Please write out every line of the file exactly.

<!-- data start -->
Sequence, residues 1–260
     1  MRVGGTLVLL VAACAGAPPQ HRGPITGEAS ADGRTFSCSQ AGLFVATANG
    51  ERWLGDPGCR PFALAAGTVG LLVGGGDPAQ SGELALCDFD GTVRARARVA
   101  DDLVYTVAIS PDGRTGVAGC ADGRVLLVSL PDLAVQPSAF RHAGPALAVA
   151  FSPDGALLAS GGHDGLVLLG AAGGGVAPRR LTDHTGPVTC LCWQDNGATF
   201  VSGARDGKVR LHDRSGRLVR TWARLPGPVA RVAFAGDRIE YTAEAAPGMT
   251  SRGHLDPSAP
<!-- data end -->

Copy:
Sequence, residues 1–260
     1  MRVGGTLVLL VAACAGAPPQ HRGPITGEAS ADGRTFSCSQ AGLFVATANG
    51  ERWLGDPGCR PFALAAGTVG LLVGGGDPAQ SGELALCDFD GTVRARARVA
   101  DDLVYTVAIS PDGRTGVAGC ADGRVLLVSL PDLAVQPSAF RHAGPALAVA
   151  FSPDGALLAS GGHDGLVLLG AAGGGVAPRR LTDHTGPVTC LCWQDNGATF
   201  VSGARDGKVR LHDRSGRLVR TWARLPGPVA RVAFAGDRIE YTAEAAPGMT
   251  SRGHLDPSAP